There’s a bumper sticker floating around–you may have seen it–that reads, “If you’re not outraged, you’re not paying attention.” There are a lot of days when that phrase really resonates with me, and today has been one of those days.
Maybe “outraged” is a little strong. Maybe angry, discouraged, or frustrated are better words. But either way, today I woke up feeling kind of bitter. Perhaps it’s the fact that random people who never read my blog and don’t know anything about me somehow feel justified leaving mean, name-calling comments on my site. Perhaps it is this whole Chick-fil-a thing and how divisive it’s become (Which, by the way, I was not trying to make worse through my own post on the matter. I was trying to promote dialogue, not division or choosing sides, though I’m not sure I succeeded in that goal…). Perhaps it is our overall political climate, since both parties equally infuriate me. Perhaps it is the long list of injustices being perpetuated throughout the world with no end in sight. Or perhaps it was the guy who wouldn’t let me merge in traffic yesterday when my lane was ending.
It could be any of those things, or all of the above. Either way, today I’ve felt icky and bummed, and I hate that feeling. I don’t like feeling angry at the world, and I certainly don’t like the way it shapes my heart. Whenever I start to become cynical, it influences the way I see other people, treat other people, and talk about other people. It leads me to make sweeping dismissals of certain groups, to paint issues in ridiculously black and white terms, and to lash out at whoever crosses me. The fruits of those bitter seeds are not only ugly, but I also suspect they are the source of spiritual decay.
That is not to say that anger is wrong or bad. There are times when a lack of anger certainly reveals apathy toward those things for which God cares deeply. In Scripture, God Himself is shown to be angry at sin and injustice, so our hearts should be in sync with that part of His character. There are times when, if we are not angry, then we’re either not paying attention, or we are disconnected from the very heart of God.
However, I am grateful for the WHOLE picture of God as described in His Word. Without it I might get stuck in that place of cynicism and rage. Scripture, on the other hand, portrays a God who gets angry at injustice, yes, but who equally evidences love, mercy, hope, and redemptive intervention. These qualities hold one another in a perfect tension that keeps my spirit in check.
So this morning, as I woke up wanting to withdraw from the world, deactivate my Facebook and Twitter, stop watching the news, and sit outside in the grass thinking happy thoughts, all the while pretending that there isn’t a laundry list of things that get under my skin, I decided to open my Bible. The first verse that God brought to mind is John 16:33 and it reads,
In this world you will have trouble. But take heart! I have overcome the world.
There are a lot of ways that one could read/interpret this verse. Overcome could mean “conquer” or “do away with,” for example. But within the context of the Jesus story, “overcoming the world” seems not to mean the defeat of humankind in a Jesus v. humanity sort of way, but instead overcoming the powers of the world, such as sin, death, and destruction. Those wicked things which threaten to have the last word, Christ has overcome them and now the last word is peace.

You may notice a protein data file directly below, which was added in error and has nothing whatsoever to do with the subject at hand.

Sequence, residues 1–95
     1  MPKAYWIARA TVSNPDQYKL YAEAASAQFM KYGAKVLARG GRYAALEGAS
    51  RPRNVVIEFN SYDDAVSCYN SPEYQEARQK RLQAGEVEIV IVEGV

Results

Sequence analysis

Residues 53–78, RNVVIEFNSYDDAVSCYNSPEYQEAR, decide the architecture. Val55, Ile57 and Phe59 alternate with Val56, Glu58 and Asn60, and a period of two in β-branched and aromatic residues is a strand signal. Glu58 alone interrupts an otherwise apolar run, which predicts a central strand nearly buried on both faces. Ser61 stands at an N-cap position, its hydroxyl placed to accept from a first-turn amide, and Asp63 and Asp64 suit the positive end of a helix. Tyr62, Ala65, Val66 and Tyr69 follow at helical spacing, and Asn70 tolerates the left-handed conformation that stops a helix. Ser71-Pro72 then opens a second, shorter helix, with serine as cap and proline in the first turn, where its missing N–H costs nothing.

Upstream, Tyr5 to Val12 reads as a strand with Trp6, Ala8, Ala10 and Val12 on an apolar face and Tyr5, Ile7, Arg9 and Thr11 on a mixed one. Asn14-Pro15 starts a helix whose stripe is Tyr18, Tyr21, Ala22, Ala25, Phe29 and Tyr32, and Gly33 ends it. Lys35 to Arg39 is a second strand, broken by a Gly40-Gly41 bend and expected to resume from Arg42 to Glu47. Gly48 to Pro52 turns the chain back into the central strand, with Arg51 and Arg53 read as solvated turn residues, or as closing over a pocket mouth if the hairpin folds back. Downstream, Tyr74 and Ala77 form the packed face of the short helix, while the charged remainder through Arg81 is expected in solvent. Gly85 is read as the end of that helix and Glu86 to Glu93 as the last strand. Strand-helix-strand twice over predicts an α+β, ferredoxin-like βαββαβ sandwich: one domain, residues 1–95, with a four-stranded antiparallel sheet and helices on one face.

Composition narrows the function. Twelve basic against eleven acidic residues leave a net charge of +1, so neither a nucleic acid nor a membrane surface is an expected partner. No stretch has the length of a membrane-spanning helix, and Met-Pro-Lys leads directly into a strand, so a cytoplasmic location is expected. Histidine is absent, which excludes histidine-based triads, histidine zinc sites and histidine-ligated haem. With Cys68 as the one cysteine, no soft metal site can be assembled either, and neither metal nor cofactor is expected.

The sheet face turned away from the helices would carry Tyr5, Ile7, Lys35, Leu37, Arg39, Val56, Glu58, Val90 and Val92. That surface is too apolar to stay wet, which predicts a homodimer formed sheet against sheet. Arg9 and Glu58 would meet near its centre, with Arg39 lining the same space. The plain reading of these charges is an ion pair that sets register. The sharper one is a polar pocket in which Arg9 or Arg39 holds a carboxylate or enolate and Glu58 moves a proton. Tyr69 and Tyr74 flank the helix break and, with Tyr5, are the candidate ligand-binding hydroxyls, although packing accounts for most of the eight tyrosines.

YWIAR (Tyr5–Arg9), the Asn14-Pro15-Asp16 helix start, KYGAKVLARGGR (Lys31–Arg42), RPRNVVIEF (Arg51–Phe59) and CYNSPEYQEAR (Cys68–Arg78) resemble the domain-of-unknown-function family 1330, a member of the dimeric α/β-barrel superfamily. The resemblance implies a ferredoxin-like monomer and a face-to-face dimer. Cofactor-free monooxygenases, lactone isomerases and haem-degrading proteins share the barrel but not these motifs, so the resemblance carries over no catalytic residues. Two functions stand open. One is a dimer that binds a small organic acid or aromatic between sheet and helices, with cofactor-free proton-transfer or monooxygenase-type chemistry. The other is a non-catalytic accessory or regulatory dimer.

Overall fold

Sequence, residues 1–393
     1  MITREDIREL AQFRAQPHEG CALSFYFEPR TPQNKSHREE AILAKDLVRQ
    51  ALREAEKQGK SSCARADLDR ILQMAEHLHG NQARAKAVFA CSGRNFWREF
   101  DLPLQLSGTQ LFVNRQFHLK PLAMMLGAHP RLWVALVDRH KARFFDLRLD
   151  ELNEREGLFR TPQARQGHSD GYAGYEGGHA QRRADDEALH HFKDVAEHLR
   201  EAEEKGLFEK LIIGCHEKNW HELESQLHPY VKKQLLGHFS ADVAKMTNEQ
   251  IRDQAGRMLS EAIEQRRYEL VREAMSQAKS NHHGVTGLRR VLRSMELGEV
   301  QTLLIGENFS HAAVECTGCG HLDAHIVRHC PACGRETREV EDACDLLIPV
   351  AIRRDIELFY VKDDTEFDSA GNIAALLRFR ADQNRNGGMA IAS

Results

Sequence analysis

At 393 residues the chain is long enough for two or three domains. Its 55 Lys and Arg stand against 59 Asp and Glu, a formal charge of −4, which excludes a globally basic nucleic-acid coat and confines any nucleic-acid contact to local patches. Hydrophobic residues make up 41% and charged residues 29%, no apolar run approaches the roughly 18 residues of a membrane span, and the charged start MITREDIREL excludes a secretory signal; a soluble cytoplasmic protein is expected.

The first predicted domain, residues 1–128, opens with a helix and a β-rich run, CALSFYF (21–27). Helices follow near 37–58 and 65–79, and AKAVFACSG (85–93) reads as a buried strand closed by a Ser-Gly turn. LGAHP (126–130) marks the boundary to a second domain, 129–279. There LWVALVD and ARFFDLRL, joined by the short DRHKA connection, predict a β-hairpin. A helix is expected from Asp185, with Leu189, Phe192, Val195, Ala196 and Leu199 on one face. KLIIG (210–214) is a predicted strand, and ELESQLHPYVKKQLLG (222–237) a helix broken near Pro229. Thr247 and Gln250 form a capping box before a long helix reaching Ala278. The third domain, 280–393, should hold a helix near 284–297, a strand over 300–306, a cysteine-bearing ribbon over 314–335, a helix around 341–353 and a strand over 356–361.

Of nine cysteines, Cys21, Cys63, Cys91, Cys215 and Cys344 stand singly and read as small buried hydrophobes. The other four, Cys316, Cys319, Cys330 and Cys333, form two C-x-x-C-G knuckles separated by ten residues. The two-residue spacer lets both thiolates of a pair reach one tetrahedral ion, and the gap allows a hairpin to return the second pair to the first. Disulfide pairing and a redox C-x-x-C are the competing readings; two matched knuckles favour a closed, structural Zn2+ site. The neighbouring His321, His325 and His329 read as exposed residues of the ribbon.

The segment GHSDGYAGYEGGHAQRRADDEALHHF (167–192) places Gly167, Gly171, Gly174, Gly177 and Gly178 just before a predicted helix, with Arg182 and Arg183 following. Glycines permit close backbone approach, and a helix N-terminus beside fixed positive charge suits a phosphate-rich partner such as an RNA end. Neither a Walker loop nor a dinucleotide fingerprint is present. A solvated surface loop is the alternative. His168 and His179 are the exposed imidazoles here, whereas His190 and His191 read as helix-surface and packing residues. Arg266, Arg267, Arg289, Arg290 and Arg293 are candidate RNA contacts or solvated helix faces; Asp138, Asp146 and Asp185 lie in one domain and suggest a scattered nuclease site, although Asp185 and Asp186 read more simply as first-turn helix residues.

For Christians, this means that our anger should be tempered with love, yes, but not as a self-generated gesture of good will and empty emotionalism. Love of neighbor is not a sentiment that we stir up in ourselves because of some vague notion that “God is love” and we should be loving too.
In order to love the world and avoid being swallowed up by cynicism, we begin not with sentimentality but with the cross. We remember that Christ has put to death the many ways we sin against one another each day. It is the reason he came, and the reason we have hope. So whenever I read a mean-hearted Facebook status, tweet, or blog comment, I am reminded of why we need Jesus. We are a profoundly broken people who cannot help but hurt one another, and that is why we desperately need Christ.
We cannot jump from anger to love without the bridge that is the gospel. In the death and resurrection of Christ we are witness to a transformative love and we are given a reason to hope for redemption. We are also given a reason to rejoice and be grateful that while we were still sinners, Christ died for us (Romans 5:8).
All of that to say, I think there is something to that bumper sticker. Sometimes we fail to be outraged about the wrong things, and that apathy is a spiritual sickness. However, there are times when the absence of outrage is actually a choice. Some of us refuse to dwell in our anger because it is equally unhealthy to do so.
As for me, I will not suppress my anger but I will rightly direct it–or at least I will try to. I will turn my anger toward my own sin and remember my own need for forgiveness. Then, I will let that forgiveness produce gratitude, gratitude produce joy, and joy produce love. Hopefully that love will produce action in the face of injustice, and the right kind of redemptive action. As I seek a path that makes room for holy anger but is not imprisoned by despairing cynicism, that is the path I choose today.